PP410 Half Unit
Public Economics for Public Policy
This information is for the 2020/21 session.
Dr Daniel Reck and Dr Johannes Spinnewijn
This course is available on the MPA Dual Degree (LSE and Columbia), MPA Dual Degree (LSE and Hertie), MPA Dual Degree (LSE and NUS), MPA Dual Degree (LSE and Sciences Po), MPA Dual Degree (LSE and Tokyo), Master of Public Administration and Master of Public Policy. This course is available with permission as an outside option to students on other programmes where regulations permit.
Students must have taken PP440 Macro and Microeconomics (for Public Policy) or an equivalent course.
This is a course in theoretical and applied public economics using intermediate economic theory. Topics include issues of equity and efficiency and alternative theories of the role of the state. Models of public goods and externalities, including environmental policy. Who really pays taxes: issues of tax incidence and tax evasion. Income inequality, poverty alleviation and the role of welfare programmes in theory and in practice. Health and education policy. The effects of taxes and transfers on labour supply and migration; The optimal taxation of commodities and incomes. Current topics in public finance. The main institutional references will be to the UK and the US, but some attention will also be given to broader international experience.
This course is delivered through a combination of classes and lectures totaling a minimum of 29 hours in the Lent Term, and a 1 hour of review class in the summer term. This year, some or all of this teaching may be delivered through a combination of virtual classes and flipped-lectures delivered as short online videos. This course includes a reading week in Week 6 of Lent Term.
Students will complete and be given feedback on two sets of practice questions, which are similar in style and format to the final examination.
J Gruber (2011) Public Finance and Public Policy, 3rd edition, Worth Publishers. [CC HJ141 G88] [or Gruber (2007), 2nd edition].
N Barr (2012), The Economics of the Welfare State, 5th ed., OUP [CC HB99.3 B26]. Institute for Fiscal Studies (2010-2011), Mirrlees Review: Reforming the Tax System for the 21st Century, Volume 1 (2010): Dimensions of Tax Design, Volume 2 (2011): Tax by Design. Oxford University Press, Oxford. Available online at: http://www.ifs.org.uk/mirrleesReview
On developments in public spending in the UK, see H Glennerster (2003), Understanding the finance of welfare (Policy Press); or H Glennerster and J Hills (eds) (1998), The State of Welfare: The economics of social spending (Oxford) [CC HV245 S79].
Students wishing to review their microeconomic theory should consult a textbook on intermediate microeconomic theory, such as Morgan, Katz and Rosen (2006) Microeconomics, McGraw Hill (CC HB172 M84) or J Perloff (2008) Microeconomics: Theory & applications with calculus, Pearson (CC HB172 P45).
On the structure of taxation in the UK, see IFS (2011) A Survey of the UK Tax System, Briefing Note no. 9 (http://www.ifs.org.uk/bns/bn09.pdf) and the HM Revenue and Customs website, (http://www.hmrc.gov.uk). The Institute for Fiscal Studies is an independent policy research institute and its website (http://www.ifs.org.uk) has a wide range of useful publications. The HMRC website includes information on the tax structure and statistics on tax payments (by income group, by type of tax, etc.) and overall revenues raised.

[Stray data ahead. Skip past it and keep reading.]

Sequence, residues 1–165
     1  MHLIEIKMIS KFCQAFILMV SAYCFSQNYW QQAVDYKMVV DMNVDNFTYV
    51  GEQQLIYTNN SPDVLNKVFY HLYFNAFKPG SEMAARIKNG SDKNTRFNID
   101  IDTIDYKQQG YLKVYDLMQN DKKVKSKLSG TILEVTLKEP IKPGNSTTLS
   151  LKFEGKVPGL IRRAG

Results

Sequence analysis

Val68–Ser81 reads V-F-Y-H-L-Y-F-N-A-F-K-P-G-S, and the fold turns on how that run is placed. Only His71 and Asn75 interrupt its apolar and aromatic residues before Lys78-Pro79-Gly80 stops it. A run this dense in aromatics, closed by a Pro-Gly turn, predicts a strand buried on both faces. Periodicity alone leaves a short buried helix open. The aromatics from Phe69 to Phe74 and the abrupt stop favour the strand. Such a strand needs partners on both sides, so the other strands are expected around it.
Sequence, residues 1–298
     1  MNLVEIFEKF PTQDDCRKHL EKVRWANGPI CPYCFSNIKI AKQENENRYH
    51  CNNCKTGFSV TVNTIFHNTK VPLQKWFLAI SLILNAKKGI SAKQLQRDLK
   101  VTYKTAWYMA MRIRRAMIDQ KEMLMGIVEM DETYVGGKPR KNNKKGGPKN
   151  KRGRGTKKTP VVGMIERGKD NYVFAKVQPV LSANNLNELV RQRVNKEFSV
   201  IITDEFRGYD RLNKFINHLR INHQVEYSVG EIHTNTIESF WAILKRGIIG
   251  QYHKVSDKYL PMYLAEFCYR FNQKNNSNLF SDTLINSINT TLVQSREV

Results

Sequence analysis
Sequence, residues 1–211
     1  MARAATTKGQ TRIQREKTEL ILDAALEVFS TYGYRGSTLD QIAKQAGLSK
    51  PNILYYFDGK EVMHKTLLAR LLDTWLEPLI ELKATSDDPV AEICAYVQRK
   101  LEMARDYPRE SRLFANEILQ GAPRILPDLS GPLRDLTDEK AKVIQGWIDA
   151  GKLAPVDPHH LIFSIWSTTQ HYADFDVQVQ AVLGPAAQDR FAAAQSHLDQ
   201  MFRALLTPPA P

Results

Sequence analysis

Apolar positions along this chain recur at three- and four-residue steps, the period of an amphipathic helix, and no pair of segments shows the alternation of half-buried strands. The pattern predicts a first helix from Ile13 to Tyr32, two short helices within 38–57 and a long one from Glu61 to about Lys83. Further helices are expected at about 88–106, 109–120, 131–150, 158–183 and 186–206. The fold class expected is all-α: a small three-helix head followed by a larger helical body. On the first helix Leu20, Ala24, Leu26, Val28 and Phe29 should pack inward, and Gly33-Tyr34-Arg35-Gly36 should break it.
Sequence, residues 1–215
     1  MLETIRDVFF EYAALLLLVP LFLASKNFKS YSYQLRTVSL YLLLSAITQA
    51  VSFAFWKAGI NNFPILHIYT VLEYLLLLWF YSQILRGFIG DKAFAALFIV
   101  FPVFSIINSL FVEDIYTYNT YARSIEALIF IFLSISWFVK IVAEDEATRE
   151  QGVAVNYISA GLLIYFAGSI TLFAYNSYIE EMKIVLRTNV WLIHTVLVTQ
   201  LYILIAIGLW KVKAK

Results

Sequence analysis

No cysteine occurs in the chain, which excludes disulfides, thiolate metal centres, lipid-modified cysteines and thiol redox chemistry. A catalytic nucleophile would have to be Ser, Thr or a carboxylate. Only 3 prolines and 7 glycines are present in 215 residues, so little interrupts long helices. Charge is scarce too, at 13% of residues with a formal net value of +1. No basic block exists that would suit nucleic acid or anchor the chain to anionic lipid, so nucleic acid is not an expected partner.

The UK Treasury website (http://www.hm-treasury.gov.uk/) provides a range of documents on economic policies and the public finances, including the annual publication, Financial Statement and Budget Report (the ‘Red Book’), published each year on Budget Day.
For comparative international fiscal data, information and analysis, useful sources include the International Monetary Fund, IMF (http://www.imf.org/), the World Bank (http://www.worldbank.org/) and the Organisation for Economic Cooperation and Development, OECD (http://www.oecd.org).
Exam (100%, duration: 3 hours, reading time: 15 minutes) in the summer exam period.
Important information in response to COVID-19
Please note that during 2020/21 academic year some variation to teaching and learning activities may be required to respond to changes in public health advice and/or to account for the situation of students in attendance on campus and those studying online during the early part of the academic year. For assessment, this may involve changes to mode of delivery and/or the format or weighting of assessments. Changes will only be made if required and students will be notified about any changes to teaching or assessment plans at the earliest opportunity.
Department: School of Public Policy
Total students 2019/20: 44
Average class size 2019/20: 15
Controlled access 2019/20: Yes
Value: Half Unit
Personal development skills
- Team working
- Problem solving
- Application of numeracy skills